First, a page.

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30 Dec 2017

Jasmeen Patheja: Collecting clothes to share stories of sexual abuse

This Bengaluru woman collects clothes of sexual-assault survivors

The one question that haunts every sexual harassment survivor is: What were you wearing?

With women across age groups - from infants to grandmothers - being groped, raped, catcalled and assaulted, we know how irrelevant, victimizing this question is, but it is often asked.

Since it refuses to die down, Bengaluru-based artist-activist Jasmeen Patheja has found it a hard-hitting answer.

Here are the details!

In context

This Bengaluru woman collects clothes of sexual-assault survivors
Devictimzing sexual assault survivors, one garment at a time


Devictimzing sexual assault survivors, one garment at a time

Jasmeen collects clothes of sexual-assault victims that they were wearing at the time they were attacked.

Her wide-ranging collection at her Bengaluru home has it all - kurtis, jumpsuits, gowns, trousers, even school uniforms - mirroring that all women, irrespective of their clothes or age, experience sexual abuse.

Each garment in her collection is a testimony, shouting out that it didn't ask for it.


Speaking about sexual assault when few did

A TED speaker and a former Ashoka University Fellow, Jasmeen's fight against gender violence is over 15 years old, when she moved to Bengaluru from Kolkata to study art.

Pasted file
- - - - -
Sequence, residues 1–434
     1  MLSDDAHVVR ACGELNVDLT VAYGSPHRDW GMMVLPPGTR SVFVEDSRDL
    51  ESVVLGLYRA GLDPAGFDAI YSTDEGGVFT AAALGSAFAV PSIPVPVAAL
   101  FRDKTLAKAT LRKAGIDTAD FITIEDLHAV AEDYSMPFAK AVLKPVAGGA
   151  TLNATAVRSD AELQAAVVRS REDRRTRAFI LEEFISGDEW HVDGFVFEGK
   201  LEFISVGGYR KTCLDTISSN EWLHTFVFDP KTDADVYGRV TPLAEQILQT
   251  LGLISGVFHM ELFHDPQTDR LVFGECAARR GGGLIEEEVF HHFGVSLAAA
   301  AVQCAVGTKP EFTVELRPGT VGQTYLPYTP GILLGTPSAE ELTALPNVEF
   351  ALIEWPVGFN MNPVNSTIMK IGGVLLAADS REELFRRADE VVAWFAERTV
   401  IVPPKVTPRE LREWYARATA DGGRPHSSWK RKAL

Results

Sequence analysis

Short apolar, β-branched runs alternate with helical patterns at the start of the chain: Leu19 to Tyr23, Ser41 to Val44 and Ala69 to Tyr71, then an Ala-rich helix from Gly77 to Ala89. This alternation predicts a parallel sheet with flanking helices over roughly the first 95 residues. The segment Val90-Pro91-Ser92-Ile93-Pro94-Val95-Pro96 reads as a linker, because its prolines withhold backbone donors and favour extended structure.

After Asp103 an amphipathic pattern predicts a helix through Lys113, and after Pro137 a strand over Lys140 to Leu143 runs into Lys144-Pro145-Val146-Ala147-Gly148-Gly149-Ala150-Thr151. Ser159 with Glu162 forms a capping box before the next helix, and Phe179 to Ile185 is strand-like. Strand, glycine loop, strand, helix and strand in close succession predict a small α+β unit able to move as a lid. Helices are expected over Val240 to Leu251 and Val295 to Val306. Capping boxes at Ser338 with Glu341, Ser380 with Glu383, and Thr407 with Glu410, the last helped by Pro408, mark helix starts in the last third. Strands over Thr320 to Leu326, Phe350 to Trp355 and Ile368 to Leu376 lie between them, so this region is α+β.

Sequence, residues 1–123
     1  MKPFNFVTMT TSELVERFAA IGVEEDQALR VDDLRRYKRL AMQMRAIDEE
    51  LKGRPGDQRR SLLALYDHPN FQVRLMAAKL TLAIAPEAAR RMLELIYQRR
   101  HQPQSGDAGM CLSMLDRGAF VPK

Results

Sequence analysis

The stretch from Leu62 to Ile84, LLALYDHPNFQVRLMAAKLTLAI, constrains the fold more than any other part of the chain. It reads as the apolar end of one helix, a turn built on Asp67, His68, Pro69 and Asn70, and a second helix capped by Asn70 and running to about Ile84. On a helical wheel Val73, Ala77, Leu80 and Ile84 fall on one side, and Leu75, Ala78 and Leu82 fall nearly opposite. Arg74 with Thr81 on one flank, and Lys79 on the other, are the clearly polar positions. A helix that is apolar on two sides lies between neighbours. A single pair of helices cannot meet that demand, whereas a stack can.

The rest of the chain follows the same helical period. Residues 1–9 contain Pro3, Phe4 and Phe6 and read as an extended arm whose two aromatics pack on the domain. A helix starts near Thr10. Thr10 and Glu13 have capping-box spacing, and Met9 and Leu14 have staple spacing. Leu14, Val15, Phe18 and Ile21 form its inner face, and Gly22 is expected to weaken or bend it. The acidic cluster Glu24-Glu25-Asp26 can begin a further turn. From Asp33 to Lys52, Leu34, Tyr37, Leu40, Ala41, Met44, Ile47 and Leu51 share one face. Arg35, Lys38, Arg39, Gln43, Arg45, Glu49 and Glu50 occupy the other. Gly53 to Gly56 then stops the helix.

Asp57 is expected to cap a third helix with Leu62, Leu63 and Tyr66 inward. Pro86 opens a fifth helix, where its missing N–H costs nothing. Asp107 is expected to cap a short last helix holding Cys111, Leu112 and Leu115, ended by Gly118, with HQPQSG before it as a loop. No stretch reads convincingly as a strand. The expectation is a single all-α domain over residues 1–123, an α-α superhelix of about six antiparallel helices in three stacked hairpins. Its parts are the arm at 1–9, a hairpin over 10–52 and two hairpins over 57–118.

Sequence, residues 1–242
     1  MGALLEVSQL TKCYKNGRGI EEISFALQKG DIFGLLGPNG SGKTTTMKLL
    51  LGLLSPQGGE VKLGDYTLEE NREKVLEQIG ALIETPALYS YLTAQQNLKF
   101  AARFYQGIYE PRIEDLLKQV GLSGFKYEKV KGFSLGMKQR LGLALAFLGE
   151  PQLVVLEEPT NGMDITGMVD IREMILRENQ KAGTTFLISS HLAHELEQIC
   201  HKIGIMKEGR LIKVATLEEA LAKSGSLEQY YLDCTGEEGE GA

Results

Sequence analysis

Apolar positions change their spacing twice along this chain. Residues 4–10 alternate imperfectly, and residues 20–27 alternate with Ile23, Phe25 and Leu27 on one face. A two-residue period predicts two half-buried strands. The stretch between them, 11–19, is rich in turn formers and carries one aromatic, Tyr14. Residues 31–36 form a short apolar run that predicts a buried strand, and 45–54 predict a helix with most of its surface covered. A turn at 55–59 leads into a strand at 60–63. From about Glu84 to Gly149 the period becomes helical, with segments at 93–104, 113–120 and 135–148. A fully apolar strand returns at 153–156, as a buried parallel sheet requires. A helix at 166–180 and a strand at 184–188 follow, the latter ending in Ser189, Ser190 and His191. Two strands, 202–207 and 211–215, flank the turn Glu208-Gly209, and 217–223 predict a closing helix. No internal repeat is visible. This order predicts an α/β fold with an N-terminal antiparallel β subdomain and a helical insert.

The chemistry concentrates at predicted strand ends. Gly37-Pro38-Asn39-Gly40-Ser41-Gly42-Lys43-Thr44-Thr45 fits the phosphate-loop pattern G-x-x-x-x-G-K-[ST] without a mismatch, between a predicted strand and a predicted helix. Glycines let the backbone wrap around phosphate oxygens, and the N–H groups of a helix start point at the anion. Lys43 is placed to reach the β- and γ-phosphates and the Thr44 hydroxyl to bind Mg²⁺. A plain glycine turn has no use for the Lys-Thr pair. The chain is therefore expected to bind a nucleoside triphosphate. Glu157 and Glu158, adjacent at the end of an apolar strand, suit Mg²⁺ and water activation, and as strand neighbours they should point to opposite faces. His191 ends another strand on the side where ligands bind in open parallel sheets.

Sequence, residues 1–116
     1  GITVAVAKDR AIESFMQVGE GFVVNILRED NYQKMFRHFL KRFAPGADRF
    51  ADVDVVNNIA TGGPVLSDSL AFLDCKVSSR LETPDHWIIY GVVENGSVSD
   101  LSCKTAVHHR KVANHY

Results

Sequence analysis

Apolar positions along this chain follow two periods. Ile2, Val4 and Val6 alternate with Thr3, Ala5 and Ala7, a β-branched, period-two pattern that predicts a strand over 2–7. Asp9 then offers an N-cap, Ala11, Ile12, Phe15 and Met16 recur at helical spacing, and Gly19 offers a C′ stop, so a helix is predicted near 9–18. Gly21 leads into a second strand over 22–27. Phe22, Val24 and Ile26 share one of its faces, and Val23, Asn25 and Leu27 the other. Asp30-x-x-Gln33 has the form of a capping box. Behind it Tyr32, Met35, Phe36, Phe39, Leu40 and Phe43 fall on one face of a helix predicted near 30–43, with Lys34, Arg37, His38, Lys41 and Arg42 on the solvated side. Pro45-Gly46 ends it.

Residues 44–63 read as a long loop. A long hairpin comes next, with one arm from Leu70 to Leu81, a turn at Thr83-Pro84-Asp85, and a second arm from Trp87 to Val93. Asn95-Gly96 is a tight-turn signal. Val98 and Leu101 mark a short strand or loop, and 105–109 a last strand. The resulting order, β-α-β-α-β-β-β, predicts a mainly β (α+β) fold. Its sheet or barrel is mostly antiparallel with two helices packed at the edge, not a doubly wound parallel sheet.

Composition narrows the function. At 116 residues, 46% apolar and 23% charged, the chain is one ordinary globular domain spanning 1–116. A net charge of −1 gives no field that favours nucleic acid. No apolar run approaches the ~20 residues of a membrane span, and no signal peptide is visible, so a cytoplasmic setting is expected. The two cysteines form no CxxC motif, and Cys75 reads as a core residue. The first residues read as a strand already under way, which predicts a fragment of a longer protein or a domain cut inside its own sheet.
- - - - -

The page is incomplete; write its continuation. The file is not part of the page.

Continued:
At the time, there was a deafening silence around street harassment, which was considered as something men did and women quietly experienced, she told the BBC.

And so, she decided to break the glass ceiling.

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Here's how the 'garment museum' came about


Here's how the 'garment museum' came about

Jasmeen would approach girls/women on the streets, urging them to share their stories of sexual abuse, asking questions such as time and place of incident, their reaction, and what they wished they had done.

Interestingly, almost all respondents wrote vividly about what they were wearing when they were assaulted, which gave Jasmeen the idea of sharing stories of assault through clothes.

The project

I Never Ask For It: Transferring blame where it belongs

Jasmeen is also the founder of "I Never Ask For It," a project which puts the onus of gender violence on the abuser.

As part of it, she set up the Blank Noise collective in 2003 to confront and challenge the fear that women live with.

By gathering testimonials of abuse, she has brought out a conversation that had long been hushed into silence.

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